It goes on to describe the layout of compound statements:

    "Compound statements consist of one or more ‘clauses.’ A clause consists
    of a header and a ‘suite.’ The clause headers of a particular compound
    statement are all at the same indentation level. Each clause header begins
    with a uniquely identifying keyword and ends with a colon. A suite is a
    group of statements controlled by a clause. A suite can be one or more
    semicolon-separated simple statements on the same line as the header,
    following the header’s colon, or it can be one or more indented statements
    on subsequent lines. [...]"

  

Proceeding...
Will put it into the tqs-amend patch, as you are playing with it.

So, how's this for a suggested new docstring:

  "Go to the initial line of the current statement.
When point is on a simple statement, this will go to the start of that line.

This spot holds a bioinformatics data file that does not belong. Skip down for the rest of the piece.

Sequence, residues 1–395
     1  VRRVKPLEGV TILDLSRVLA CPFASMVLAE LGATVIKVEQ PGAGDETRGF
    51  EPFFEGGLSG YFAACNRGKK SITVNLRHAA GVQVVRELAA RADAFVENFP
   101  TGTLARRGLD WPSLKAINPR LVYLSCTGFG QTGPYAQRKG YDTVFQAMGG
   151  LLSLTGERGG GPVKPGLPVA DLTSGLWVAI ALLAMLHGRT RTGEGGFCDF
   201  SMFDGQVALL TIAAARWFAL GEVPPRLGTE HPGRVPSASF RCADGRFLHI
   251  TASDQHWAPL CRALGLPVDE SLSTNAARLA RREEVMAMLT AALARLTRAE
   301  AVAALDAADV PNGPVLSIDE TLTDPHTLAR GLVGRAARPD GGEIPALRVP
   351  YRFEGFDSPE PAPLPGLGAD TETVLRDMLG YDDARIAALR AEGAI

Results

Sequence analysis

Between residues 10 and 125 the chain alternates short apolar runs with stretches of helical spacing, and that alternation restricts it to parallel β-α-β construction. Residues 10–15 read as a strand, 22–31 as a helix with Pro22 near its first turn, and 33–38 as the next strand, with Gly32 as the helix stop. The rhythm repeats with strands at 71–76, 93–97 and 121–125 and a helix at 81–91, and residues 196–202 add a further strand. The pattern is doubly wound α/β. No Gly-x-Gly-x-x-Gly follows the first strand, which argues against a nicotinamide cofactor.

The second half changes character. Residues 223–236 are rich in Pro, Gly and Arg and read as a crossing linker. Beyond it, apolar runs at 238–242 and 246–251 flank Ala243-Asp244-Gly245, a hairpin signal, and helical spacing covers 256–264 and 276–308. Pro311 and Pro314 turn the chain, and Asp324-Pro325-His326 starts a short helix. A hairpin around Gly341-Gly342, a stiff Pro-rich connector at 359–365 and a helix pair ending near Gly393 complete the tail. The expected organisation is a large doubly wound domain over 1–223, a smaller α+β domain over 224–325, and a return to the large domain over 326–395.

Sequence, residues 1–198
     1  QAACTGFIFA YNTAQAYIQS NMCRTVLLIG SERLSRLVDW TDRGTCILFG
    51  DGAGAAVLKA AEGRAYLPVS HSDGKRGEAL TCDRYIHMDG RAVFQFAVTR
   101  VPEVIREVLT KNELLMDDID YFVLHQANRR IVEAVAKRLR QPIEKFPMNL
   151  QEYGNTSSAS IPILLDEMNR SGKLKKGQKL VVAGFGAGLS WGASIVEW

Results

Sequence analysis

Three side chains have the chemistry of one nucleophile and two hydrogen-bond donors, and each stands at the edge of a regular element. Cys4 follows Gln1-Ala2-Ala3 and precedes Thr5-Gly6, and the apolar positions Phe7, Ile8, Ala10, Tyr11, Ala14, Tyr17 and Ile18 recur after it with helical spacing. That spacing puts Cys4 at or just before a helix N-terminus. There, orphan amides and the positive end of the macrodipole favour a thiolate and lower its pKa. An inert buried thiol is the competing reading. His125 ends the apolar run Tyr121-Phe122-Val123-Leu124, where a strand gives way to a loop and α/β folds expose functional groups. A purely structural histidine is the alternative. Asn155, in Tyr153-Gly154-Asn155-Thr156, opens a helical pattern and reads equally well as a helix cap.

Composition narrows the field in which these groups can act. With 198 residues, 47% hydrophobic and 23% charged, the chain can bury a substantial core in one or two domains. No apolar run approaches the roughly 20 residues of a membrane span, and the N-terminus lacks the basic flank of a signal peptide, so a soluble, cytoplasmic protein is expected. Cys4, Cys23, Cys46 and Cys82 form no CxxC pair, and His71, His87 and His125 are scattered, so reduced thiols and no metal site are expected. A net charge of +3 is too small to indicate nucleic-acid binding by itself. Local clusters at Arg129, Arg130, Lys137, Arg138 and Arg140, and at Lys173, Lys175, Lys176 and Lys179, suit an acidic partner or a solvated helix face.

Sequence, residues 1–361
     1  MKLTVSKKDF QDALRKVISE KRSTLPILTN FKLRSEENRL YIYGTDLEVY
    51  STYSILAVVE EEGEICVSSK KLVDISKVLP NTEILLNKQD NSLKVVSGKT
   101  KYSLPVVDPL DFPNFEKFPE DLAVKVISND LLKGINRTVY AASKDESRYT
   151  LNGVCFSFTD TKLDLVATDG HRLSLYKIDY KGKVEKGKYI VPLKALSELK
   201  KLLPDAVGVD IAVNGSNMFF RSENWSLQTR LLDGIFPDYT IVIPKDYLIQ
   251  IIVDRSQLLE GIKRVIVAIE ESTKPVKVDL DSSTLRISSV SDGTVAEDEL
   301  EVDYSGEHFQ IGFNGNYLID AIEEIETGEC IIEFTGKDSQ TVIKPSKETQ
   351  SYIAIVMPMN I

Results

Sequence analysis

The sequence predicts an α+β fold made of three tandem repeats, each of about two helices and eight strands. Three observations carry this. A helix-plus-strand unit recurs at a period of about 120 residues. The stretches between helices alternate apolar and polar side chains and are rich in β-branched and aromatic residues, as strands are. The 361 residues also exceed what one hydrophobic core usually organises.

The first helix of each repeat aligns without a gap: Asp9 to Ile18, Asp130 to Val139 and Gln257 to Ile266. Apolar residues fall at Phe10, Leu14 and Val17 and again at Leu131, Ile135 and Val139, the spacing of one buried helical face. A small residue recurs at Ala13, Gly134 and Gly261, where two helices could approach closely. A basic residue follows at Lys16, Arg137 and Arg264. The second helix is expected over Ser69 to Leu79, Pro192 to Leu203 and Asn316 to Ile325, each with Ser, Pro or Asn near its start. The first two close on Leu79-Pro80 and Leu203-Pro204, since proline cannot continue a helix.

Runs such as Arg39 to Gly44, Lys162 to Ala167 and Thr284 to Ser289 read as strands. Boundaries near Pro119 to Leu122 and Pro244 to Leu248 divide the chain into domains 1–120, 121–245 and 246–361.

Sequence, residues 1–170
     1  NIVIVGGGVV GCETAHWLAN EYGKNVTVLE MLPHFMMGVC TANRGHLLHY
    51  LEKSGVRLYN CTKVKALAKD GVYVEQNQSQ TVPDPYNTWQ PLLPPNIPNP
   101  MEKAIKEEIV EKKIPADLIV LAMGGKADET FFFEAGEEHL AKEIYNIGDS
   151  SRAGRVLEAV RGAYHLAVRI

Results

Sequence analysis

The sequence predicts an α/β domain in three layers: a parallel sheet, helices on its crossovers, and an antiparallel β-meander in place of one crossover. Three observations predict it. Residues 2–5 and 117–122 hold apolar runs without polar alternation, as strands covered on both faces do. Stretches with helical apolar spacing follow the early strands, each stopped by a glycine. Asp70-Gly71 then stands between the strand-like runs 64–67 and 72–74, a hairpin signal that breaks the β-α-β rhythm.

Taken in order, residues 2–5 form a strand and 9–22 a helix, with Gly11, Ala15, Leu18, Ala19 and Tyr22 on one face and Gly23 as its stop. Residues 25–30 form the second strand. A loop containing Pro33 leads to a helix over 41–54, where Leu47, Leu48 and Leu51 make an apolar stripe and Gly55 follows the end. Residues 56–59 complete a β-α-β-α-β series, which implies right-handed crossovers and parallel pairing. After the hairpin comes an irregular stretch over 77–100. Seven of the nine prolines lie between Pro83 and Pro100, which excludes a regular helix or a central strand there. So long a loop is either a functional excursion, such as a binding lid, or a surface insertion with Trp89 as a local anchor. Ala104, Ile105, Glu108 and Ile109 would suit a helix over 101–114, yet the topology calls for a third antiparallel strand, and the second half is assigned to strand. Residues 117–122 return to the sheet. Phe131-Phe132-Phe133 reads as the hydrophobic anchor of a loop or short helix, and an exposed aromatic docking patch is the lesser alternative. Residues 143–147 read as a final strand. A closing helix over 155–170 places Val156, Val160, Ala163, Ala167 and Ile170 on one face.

Think we can't say that.

for example consider the following, which is a simple statement too (?)

print """Usage: %s
    ....""" % (
        os.path.basename(sys.argv[0]))


So maybe `print' is considered such a uniquely identifying keyword,
--assuming not--

what about this:

    ar_atpt_delimited_list_roh = ([
            'braced ?\{ ?\}',
            'bracketed ?\[ ?\]',
            'angled-lesser ?\< ?\>',
            'angled-greater ?\> ?\<',
            'left-right-singlequoted ?\‘ ?\’',
            'parentized ?\( ?\)',
            ])

Cheers

Andreas



When point is on a line inside a compound statement, this will go to the line
that introduces the suite, i.e. the clause header."

If you wanted, you could also add a reference to the online docs for compound
statements given above.

-Barry